By Renee, United States, February 28, 2014Sean Ferrer Hepburn, Audrey Hepburn's son, is today's Rare Disease Day Ambassador. When his mother Audrey was diagnosed with adenocarcinoma treatment options were limited, but thankfully this has since changed (though we are not there yet). Standard of care for mucinous adenocarcinoma, which usually originates from the appendix , is now cytoreductive surgery with hot chemo treatment. This treatment yields a pretty good long-term outcome, but unfortunately recurrence rates are fairly moderate, with additional surgery sometimes, but not always, possible. Diagnosis rates are ~2 cases per million people per year, but likely the number of affected people is much higher. Diagnoses are missed due to lack of awareness and because symptoms are often quite vague.
Jason, my husband, was diagnosed with mucinous adenocarcinoma with clinical condition pseudomyxoma peritonei (PMP; the adenocarcinoma cells produce abundant mucin) at age 41. His symptoms had been ongoing for years: gastric reflux, feeling uncomfortably full for long periods of time after he ate, and general discomfort. When he was in his late 30's he had gone to a gastroenterologist doctor for diagnosis, but they were unable to provide an explanation beyond "gastric reflux, hiatal hernia". Several years passed, with increased feelings of general crumminess; meanwhile, tumors continued to grow and envelop his organs. Finally a different doctor suggested CT scan, which immediately revealed that cancer was widespread throughout his entire abdomen.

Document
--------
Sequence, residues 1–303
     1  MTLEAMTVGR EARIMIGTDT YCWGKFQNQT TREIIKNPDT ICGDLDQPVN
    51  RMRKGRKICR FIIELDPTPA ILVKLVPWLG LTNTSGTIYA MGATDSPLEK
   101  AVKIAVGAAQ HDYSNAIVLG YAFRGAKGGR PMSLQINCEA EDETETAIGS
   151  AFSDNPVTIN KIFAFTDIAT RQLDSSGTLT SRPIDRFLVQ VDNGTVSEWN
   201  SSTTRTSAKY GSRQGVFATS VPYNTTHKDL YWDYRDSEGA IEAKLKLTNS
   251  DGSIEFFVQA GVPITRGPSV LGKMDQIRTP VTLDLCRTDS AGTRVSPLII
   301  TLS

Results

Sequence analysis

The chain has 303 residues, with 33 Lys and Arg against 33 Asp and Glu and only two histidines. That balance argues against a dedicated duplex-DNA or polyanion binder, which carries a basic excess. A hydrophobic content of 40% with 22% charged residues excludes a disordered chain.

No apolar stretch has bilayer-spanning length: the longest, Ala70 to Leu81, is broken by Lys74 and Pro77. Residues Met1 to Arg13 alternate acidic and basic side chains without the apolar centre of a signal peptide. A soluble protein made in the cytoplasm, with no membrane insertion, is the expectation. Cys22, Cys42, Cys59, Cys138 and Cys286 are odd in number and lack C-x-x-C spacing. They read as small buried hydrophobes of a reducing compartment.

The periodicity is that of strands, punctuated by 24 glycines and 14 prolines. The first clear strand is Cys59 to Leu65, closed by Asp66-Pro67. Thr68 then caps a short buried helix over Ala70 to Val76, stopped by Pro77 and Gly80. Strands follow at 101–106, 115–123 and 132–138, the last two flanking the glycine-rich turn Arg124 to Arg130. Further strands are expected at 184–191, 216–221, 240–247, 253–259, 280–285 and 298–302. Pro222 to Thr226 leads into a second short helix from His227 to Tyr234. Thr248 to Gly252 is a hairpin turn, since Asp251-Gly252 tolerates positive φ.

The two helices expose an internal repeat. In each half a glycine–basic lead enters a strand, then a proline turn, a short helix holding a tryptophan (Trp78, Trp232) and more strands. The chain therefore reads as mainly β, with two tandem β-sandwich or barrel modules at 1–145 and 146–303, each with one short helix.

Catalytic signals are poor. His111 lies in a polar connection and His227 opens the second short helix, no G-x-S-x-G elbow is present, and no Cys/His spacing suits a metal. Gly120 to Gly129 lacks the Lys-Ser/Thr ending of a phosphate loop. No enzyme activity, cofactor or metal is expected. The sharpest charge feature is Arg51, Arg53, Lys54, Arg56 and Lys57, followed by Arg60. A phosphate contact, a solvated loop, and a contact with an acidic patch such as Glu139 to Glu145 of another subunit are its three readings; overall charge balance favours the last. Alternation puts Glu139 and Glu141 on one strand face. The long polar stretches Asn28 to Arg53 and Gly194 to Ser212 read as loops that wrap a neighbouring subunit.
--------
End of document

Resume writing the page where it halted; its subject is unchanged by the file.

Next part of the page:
Jason had a 12 hour surgery plus 1 1/2 hour hot chemo treatment (Heated Intra-peritoneal chemotherapy, HIPEC), June 2012. During surgery all visible tumors and deeply affected tissue, which included most of his colon, part of his small intestine, part of his stomach, spleen, the lining of his abdomen (peritoneum), and other bits, were removed. After that he went through 6 months of IV chemo. He is now doing quite well (dare I say amazingly well), with good energy and nearly normal life. The time we have together now is an incredible blessing. We don't know if his cancer has returned: some doctors think yes, others think no. So who knows; we are learning to sit with this ambiguity. Our relationship is now stronger having gone through this, but it took time and patience to get to this point.
i am forever grateful to the medical professionals who paved the way for developing PMP treatment, but we still have a long ways to go.